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TEQUILA LOS AZULEJOS
ULTRA-PREMIUM CRAFT TEQUILA
November 2016 Issue | Vol. 4, No. 21                                                                                                             A work of art, inside and out.























 
 
 
 

5-Star/5-Diamond
Executive Chef
FAIRMONT SCOTTSDALE PRINCESS
DAVID MORRIS

Executive Chef
  ASHLAND HILL & MARGO'S
SANTA MONICA, CA

GREG DANIELS

Sous Chef at Proof
FOUR SEASONS SCOTTSDALE
DELL MORRIS

Owner/Master Cicerone
  THE BRUERY & BRUERY TERREUX
ANAHEIM, CA

PATRICK RUE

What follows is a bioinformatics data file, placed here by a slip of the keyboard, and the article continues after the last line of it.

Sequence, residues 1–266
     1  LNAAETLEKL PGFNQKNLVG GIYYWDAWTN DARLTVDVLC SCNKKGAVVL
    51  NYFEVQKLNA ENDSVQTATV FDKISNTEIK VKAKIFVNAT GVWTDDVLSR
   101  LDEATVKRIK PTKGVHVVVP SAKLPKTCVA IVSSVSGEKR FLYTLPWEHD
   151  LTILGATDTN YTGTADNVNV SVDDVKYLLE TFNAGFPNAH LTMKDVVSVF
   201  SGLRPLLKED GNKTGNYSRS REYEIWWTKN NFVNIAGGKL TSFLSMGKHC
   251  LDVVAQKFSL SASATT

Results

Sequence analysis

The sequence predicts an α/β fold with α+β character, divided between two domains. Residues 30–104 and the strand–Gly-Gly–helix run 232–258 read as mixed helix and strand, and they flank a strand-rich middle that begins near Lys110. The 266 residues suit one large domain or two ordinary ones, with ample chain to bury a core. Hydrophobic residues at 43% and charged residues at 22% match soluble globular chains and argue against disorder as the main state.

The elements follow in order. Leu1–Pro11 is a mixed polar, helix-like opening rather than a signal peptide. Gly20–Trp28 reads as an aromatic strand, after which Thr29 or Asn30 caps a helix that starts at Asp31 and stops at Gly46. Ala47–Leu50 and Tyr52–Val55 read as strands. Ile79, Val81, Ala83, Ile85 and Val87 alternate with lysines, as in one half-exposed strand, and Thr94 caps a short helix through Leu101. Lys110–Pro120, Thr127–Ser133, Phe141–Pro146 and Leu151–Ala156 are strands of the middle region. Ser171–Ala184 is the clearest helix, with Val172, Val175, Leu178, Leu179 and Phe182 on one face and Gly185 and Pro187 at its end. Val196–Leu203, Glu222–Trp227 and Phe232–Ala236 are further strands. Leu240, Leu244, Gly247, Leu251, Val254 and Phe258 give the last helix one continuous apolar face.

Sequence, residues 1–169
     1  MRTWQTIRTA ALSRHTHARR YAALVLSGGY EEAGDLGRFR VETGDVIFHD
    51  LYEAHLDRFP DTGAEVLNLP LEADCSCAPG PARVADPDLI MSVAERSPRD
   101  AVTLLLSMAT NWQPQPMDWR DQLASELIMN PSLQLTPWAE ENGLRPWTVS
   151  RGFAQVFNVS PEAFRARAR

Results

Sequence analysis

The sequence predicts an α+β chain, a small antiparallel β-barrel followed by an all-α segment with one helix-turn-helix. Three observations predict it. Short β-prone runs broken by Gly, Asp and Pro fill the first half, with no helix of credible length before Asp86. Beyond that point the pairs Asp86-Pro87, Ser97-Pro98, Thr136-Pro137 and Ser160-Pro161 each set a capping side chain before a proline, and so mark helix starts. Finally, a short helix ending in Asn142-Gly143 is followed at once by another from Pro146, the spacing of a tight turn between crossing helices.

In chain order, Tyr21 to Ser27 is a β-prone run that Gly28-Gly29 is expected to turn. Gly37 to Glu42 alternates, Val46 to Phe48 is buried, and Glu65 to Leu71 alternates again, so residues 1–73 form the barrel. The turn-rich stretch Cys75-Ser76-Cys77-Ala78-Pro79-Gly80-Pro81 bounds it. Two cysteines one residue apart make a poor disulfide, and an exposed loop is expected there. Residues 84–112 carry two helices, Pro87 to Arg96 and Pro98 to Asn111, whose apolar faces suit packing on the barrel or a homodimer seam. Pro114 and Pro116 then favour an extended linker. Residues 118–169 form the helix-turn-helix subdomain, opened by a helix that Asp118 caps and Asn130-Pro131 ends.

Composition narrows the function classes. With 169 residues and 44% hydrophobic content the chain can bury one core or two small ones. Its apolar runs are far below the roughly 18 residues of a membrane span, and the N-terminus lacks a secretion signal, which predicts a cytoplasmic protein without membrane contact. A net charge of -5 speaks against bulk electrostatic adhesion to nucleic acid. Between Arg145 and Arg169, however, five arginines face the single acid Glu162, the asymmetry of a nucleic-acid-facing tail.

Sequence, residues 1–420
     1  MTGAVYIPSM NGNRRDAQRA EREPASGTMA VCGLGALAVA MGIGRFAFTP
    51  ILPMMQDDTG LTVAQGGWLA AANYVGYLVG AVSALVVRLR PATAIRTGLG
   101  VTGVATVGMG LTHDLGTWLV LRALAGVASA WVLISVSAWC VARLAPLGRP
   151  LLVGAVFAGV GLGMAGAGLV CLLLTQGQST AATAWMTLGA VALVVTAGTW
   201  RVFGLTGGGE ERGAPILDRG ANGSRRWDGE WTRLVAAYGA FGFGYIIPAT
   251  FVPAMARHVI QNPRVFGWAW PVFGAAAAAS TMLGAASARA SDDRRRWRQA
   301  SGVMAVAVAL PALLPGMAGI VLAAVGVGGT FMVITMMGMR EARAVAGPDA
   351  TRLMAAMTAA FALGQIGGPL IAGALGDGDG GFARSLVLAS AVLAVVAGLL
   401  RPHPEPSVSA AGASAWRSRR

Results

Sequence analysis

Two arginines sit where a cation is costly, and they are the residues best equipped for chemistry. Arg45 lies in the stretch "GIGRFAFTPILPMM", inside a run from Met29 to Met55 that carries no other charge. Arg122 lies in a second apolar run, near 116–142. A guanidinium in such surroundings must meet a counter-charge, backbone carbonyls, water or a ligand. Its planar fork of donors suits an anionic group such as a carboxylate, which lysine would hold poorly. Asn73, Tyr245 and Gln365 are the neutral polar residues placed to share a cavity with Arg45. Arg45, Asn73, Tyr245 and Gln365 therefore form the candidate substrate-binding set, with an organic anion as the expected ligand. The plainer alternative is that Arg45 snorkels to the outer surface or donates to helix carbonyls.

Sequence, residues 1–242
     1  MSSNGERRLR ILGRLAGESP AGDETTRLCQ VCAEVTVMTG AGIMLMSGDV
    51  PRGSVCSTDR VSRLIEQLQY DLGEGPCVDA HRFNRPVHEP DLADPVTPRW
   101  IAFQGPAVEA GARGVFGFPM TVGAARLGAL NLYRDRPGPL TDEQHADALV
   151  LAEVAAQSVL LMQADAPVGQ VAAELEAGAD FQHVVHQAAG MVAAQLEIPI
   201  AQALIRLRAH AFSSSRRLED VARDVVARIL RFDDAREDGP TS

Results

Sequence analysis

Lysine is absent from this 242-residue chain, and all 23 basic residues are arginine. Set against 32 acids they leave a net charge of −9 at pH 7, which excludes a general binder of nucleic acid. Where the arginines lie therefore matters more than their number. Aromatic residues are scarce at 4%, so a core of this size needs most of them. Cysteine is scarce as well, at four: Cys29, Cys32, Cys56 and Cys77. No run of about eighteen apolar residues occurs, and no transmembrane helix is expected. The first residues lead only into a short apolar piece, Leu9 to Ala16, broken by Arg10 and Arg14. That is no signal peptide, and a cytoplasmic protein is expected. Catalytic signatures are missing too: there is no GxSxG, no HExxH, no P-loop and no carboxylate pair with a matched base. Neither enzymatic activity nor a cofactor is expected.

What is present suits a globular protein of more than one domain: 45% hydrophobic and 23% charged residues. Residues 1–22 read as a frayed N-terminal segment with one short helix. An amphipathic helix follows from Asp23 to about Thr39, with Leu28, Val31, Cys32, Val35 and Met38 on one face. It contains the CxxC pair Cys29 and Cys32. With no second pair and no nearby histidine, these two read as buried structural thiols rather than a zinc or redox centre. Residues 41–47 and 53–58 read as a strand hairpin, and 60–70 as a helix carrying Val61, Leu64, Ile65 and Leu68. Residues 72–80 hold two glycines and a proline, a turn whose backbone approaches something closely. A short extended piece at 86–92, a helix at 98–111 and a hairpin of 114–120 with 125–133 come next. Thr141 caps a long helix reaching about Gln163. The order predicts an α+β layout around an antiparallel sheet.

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Tequila Los Azulejos | The Art of Tequila | Ultra-premium craft tequila made the traditional way. When it comes to making tequila, there are shortcuts, and then there is the right way. Both ways show up in the sip of the spirit. “Tequila is the hardest spirit to make,” said Chris Quintanilla, VP-Sales for spirits distributor Mexcor in Houston, Texas. “A lot of magazines have claimed it’s the number one spirit in the world because it’s so difficult to make. There are many shortcuts along the way. “With agave,” Quintanilla continued, “it’s a ten-year process. With cognac, you make wine, you ferment the grapes and age the wine. With Scotch, you have the barley and the malt, you ferment that and then distill it and age it. With tequila, you have to actually cultivate the plant for ten years. A lot can go wrong. The prices go up and down. From the raw material standpoint, it’s way, way more difficult.” Quintanilla knows all this because he has a tequila lineage. His grandfather, Pedro Quintanilla, owned a hacienda and was a major grower of Agave tequilana Weber var. azul—the only variety of agave permitted by federal law in México for use in tequila production. Grandfather Pedro crafted his own tequila, which he reserved solely for his family and friends. The tequila gene got passed down to Grandfather Pedro’s son, Pedro, Jr. He, too, had a passion for tequila and made his own. When tequila started trending, Pedro, a successful entrepreneur, took the recipe to market. He started production of Tequila Los Azulejos in the early 90s, the same time Patrón came on the market. “Really,” Quintanilla said, “back then, tequila was Cuervo and a lot of low-end tequilas. Tequila kind of had a bad name. My father wanted to create tequila above all tequilas. A super-primo premium tequila. So he came up with this concept the same time Patrón came out. Basically, that’s how it started. Ultra-premium category tequila.”